Mick Jagger and the memoir we'll never read…

Carla Harmon
February 17, 2017

For example, Blake says the book includes details of the tedium of looking at Keith Richards' "scraggy, monkey-like bottom night after night".

Blake, in a separate piece for Britain's Spectator magazine, mused on the worth of such a book, even when balanced against the million-pound advance Jagger reportedly received. Not that it was so revealing that people could be arrested if it was given a proper release like that infamous 1972 documentary that I cannot name, but the exact opposite problem: it was light on sex and drugs.

According to Blake, respected United Kingdom publisher Lord Weidenfeld convinced a reluctant Jagger to write the autobiography in an attempt to get his own story out to the public, following a wave of unauthorized books.

In case we're wondering whether or not this is just a hoax for publicity, Stones manager Joyce Smith has this to say: "John Blake writes to me from time to time seeking permission to publish this manuscript". Blake says the memoir depicts a "quieter, more watchful Mick than the fast-living caricature", though it still contains plenty of rock'n'roll moments, including the time Jagger bought a historic mansion while tripping on acid, the Times of London reports. Due to effects of his rock "n" roll lifestyle, Jagger was unable to remember the manuscript until he read it, according to Blake, after which it's claimed Jagger then agreed to pen a foreword for it "to establish that he wrote this story long ago and far away".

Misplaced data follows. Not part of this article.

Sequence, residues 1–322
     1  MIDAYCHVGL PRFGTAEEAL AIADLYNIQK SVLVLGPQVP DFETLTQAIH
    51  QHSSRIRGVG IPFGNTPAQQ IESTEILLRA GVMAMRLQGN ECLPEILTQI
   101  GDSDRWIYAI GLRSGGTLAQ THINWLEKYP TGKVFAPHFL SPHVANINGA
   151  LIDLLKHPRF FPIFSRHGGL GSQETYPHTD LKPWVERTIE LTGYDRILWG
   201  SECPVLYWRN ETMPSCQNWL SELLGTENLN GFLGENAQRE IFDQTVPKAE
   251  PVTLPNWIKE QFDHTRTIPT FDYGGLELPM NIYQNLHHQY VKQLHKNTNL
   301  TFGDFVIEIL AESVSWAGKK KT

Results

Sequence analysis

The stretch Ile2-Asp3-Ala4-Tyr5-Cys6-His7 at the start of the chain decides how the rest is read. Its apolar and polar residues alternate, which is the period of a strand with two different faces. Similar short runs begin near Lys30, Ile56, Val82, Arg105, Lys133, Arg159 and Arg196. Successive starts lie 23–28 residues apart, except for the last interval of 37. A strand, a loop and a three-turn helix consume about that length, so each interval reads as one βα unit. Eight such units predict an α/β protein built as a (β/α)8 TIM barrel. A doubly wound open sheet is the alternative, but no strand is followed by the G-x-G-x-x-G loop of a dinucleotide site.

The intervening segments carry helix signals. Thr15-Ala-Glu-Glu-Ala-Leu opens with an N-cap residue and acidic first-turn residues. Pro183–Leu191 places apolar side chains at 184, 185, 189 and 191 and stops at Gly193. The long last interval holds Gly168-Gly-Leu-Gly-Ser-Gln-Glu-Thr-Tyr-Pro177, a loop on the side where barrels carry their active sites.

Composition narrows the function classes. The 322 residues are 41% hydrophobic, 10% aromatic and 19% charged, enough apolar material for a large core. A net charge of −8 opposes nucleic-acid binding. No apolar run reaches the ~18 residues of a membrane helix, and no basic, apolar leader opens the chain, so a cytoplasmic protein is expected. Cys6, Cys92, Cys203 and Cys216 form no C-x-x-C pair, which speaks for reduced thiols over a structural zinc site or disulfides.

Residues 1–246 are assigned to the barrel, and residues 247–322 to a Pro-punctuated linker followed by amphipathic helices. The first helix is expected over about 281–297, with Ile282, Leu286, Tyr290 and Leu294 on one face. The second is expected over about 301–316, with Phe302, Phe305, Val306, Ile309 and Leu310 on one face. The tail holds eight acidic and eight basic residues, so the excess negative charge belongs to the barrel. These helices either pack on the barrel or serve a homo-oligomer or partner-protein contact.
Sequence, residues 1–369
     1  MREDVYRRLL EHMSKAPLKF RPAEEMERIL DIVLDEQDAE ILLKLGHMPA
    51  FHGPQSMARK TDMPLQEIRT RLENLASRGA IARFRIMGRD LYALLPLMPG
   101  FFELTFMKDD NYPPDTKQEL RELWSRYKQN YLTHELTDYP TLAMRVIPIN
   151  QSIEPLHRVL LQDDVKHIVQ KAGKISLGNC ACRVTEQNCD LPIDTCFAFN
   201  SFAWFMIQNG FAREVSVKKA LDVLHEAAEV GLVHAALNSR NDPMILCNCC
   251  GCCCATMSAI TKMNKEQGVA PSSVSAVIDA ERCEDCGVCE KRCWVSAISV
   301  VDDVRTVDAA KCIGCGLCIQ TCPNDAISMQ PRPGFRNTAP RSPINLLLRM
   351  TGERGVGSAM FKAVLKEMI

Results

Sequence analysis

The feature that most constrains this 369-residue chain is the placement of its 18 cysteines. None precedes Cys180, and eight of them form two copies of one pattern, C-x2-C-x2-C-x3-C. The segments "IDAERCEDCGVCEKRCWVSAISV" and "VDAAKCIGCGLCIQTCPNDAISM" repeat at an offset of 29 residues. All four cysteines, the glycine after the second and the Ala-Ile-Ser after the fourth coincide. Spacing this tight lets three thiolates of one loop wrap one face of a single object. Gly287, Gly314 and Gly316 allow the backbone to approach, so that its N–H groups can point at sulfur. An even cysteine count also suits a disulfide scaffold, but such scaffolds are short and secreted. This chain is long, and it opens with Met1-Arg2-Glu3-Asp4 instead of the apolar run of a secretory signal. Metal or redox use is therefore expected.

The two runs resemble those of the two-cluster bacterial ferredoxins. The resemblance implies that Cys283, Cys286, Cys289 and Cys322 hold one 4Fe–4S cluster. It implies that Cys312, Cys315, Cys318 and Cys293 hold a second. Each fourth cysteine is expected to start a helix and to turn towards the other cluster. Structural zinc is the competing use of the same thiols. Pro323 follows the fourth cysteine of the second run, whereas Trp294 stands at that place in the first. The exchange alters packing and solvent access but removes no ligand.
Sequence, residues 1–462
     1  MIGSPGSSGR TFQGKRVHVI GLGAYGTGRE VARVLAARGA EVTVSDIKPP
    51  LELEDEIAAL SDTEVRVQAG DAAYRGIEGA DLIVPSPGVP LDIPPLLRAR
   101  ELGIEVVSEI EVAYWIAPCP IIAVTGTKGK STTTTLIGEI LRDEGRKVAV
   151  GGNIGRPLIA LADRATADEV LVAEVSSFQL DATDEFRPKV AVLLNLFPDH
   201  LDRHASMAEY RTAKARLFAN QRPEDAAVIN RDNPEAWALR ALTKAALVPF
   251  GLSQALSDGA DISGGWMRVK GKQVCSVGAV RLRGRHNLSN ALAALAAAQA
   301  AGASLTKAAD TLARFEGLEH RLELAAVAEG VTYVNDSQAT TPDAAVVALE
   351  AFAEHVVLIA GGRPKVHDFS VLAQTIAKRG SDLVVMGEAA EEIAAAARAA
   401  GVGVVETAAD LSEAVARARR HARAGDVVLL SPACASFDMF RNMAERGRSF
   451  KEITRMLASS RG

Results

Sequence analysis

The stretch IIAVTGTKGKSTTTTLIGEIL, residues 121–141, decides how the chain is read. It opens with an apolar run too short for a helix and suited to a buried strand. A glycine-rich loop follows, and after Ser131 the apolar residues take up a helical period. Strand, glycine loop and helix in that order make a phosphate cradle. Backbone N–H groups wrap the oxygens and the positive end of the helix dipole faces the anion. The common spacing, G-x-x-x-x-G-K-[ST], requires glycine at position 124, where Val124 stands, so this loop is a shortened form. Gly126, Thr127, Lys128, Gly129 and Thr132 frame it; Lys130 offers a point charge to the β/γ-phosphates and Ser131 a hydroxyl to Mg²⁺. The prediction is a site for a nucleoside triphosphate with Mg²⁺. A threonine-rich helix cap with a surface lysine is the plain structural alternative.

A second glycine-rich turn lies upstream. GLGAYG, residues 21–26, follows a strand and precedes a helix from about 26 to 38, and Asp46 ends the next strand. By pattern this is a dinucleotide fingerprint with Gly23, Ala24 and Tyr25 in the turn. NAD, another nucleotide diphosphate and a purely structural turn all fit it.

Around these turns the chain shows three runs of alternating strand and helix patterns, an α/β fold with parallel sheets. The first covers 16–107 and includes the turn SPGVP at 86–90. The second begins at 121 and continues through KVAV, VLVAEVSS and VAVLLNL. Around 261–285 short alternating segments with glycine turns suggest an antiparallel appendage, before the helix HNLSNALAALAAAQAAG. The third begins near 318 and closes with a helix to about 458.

"Blake said: "[Mick] has said again and again, in countless interviews, that he never will [write an autobiography]. "There was a tragic death, a tour, a film, a TV series, the Saatchi exhibition".

Blake explains: "I kept gently pushing but when, eventually, I tried to force a decision, the steel gates clanged shut. It is an extraordinary insight into one of the three most influential rock stars of all time - but the sad thing is, the public will probably never see it". In the 1980s, though, Jagger ultimately decided he wanted to pursue the memoir, and wrote a "pristine typescript" that has still not seen the light of day. The answer is always the same: He can not, because it isn't his and he accepts this.

Blake said that at one point he came very close to getting the memoir published.

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